After a productive few months racing against the time to hit our annual goals, we return from a long weekend of family, fireworks, food and football to find our motivation running on empty. As the days get shorter, the weather turns colder and the post-holiday blues hit, workplace productivity drops by close to 12 percent.
5 Cures for Post-Holiday Productivity Slumps
- Revisit your goals.
- Manage your expectations.
- Cancel unnecessary meetings.
- Schedule in a little workplace socialization.
- Provide guidance, but avoid micromanaging.
With your end-of-year deadlines on the horizon, it’s the worst time for heads to droop, but you don’t need to hit the panic button. This isn’t the first post-Thanksgiving doldrums you’ve had to pull your team through. Chances are good that once the gloom clears, they will return to their usual, productive selves, but there are ways you can ensure progress gets back on track sooner rather than later.
Revisit Your Goals
Nobody wants to return from Thanksgiving to a task they’ve been stuck on for weeks with no end in sight. Employees need to see their efforts paying off. If they can’t, they will coast through until the Christmas break arrives.
With the end of the year now in sight, it’s your last chance to evaluate your goals, check on progress and ensure everyone is working towards an achievable target. Now isn’t the time to change your key focus entirely, but encouraging team members to approach a task from a different angle can provide a burst of last-minute productivity as your New Year deadline approaches.
If you aren’t using objectives and key results (OKRs), there’s no better time to start than the present. This popular framework helps teams to define their goals and track their progress. When linked with daily tasks and updated constantly as progress is made, OKRs improve workplace efficiency by 78 percent, which could help you beat the post-holiday slump.
Cancel Unnecessary Meetings
Meetings may seem like an effective way to bring minds back to the office, but the reality is that they’re one of the workplace’s most costly productivity drains. Given that they typically descend into a repetitive recap of who’s doing what, no wonder studies show that 70 percent of meetings get in the way of meaningful progress.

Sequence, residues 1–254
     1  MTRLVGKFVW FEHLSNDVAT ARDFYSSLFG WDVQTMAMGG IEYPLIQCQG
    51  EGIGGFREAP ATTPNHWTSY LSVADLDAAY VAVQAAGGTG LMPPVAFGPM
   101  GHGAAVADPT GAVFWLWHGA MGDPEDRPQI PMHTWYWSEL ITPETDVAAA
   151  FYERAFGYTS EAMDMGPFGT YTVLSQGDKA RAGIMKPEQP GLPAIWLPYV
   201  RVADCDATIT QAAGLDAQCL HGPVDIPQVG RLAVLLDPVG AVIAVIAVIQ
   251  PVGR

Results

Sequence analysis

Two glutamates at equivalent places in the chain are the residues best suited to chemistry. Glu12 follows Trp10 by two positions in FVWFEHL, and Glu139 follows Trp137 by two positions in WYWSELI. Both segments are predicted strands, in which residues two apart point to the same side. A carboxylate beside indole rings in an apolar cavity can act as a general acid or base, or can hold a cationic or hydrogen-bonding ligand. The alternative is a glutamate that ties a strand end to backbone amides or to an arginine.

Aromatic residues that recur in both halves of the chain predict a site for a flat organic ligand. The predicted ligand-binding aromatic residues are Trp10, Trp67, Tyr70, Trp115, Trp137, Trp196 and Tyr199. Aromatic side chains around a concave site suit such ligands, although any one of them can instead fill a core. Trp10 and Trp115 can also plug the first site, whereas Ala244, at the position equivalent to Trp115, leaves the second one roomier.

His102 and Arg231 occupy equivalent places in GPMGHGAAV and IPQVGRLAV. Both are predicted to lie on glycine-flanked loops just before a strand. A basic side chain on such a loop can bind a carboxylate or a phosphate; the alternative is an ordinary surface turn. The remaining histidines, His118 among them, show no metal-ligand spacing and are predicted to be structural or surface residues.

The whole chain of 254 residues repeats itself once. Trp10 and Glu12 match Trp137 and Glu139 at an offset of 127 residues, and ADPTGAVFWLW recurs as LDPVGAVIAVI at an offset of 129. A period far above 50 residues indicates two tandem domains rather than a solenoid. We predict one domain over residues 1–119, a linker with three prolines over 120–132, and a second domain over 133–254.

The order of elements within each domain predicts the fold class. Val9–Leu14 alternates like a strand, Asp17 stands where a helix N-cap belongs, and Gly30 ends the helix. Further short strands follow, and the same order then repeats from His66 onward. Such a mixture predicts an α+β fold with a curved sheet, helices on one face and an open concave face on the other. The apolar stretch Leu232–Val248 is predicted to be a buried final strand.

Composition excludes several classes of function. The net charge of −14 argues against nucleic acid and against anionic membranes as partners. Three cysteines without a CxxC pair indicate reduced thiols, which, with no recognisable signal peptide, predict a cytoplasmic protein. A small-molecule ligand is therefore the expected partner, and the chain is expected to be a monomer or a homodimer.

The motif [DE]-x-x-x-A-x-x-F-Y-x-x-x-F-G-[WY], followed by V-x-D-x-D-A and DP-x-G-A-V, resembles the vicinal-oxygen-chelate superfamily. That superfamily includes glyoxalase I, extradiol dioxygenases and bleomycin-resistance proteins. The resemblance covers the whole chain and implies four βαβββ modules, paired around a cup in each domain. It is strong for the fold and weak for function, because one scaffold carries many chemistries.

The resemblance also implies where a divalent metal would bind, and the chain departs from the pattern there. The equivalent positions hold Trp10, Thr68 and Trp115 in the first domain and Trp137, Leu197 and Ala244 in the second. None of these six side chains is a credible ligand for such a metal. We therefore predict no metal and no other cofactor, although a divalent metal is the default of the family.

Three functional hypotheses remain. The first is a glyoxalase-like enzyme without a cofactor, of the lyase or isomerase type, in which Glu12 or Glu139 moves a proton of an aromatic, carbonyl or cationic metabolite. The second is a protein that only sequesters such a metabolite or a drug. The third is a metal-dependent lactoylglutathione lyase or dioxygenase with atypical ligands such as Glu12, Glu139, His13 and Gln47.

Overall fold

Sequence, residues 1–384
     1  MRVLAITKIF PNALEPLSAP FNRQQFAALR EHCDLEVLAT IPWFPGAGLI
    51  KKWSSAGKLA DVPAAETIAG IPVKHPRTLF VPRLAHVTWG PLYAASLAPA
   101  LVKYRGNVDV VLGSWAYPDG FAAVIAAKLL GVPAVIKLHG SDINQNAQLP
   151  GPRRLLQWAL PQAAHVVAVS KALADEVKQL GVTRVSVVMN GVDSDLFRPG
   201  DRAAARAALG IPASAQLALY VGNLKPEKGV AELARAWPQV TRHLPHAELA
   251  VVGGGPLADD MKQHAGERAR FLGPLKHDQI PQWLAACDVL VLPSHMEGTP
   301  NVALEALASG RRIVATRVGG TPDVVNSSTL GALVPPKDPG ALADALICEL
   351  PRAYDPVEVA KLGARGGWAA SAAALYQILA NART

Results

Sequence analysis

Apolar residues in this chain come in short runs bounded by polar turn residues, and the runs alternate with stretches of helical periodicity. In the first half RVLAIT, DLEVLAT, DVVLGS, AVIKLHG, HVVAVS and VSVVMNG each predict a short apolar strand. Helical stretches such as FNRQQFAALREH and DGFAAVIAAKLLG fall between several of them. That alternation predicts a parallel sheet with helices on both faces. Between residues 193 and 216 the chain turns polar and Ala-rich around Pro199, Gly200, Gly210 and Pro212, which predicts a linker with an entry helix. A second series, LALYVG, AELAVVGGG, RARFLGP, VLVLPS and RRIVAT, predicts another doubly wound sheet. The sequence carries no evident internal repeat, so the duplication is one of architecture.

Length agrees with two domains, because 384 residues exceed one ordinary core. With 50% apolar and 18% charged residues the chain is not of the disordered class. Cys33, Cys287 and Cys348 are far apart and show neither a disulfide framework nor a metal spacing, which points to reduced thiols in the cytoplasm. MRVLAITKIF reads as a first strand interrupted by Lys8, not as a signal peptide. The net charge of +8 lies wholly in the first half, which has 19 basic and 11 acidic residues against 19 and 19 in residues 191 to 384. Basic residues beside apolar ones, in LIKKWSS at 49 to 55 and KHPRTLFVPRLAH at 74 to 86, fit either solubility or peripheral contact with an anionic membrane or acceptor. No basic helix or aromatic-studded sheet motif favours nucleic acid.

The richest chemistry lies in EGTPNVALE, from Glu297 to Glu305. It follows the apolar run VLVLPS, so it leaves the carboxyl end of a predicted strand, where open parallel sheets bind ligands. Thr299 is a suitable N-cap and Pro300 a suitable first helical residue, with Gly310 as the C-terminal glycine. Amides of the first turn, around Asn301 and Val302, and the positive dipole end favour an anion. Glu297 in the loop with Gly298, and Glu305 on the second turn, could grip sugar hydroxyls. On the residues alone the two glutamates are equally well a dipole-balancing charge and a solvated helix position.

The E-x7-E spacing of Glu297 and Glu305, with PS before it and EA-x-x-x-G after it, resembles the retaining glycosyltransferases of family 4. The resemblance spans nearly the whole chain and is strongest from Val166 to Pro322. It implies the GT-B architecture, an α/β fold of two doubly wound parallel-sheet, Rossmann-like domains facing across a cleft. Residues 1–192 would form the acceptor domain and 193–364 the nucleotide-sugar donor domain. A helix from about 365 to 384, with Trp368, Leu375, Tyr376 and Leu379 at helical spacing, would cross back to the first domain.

It’s really no surprise that 32 percent of workers have been involved in meetings where an email would have been just as effective or, more so, an OKR. With clearly defined goals assigned to specific teams and individuals, and a platform to keep track of progress efficiently, most meetings become entirely obsolete.
This frees up workers to focus on truly important tasks at a time when productivity doesn’t come easy. All that time saved is far better spent on flow time — where meetings are canceled, emails are muted and notifications are switched off to provide a period of uninterrupted productivity.
Manage Your Expectations
Your team has spent the last four days celebrating with friends and family, in a turkey-induced food coma or following the packed football schedule. It will take time for them to hit their stride again, so give them a break in the meantime. Even when we aren’t returning from a holiday, a recent survey found that most of us are only productive for five hours or less each day. It’s not because we’re lazy. It’s because we’re humans, not machines.
Research shows that downtime during the workday can stave off burnout, stimulate creativity, assist concentration and boost efficiency. That’s not to say you should allow your team to slack off. However, when fatigue hits and progress slows, techniques such as Pomodoro (where a five-minute break follows every 25-minute stretch of focused work) can really help to keep the productivity flowing. There’s really no harm in taking five minutes to watch an insightful video or read an interesting article. Chances are that time wouldn’t be spent productively anyway.
Make Time for Socialization
Undoubtedly, your employees will want to spend the next few days standing around the water cooler discussing how they spent the holidays. This small talk isn’t a bad thing, but something you should actively encourage. Taking a break from the workplace has been found to increase creativity, mood and, subsequently, productivity. Your team will be returning to the office recharged and in high spirits, but with the winter blues looming, team leaders face a battle to maintain the positive atmosphere.
Socialization and team-building activities, whether going for a good meal or taking part in a fun workshop, not only keeps the happy holiday feeling going, but provides a whole host of additional workplace perks. It offers time to talk, providing new ideas and perspectives that help workers to overcome their challenges, encourages problem solving and fosters a sense of camaraderie that can help teams to push through those difficult moments in pursuit of a shared goal.
Give Direction. Don’t Micromanage.
If your team is taking too long to get back up to speed, you might be tempted to exert your authority. However, micromanagement is a sure-fire way to keep the productivity slump going. Of the 59 percent of employees who have had the unfortunate pleasure of working for a micromanager, 68 percent reported a decrease in morale and 55 percent said it stifled their productivity.
Instead of micromanaging, try an outcome-oriented approach that focuses on the final result rather than the steps required to reach it. This is why OKRs are so effective. Every employee understands what is expected of them, but how they go about achieving it is entirely up to them.
Sure, after a holiday break, some employees might need a few days to get back up to speed, but you’ve put together a team of experts that you felt were capable of doing the job. Show them that you trust them to do just that.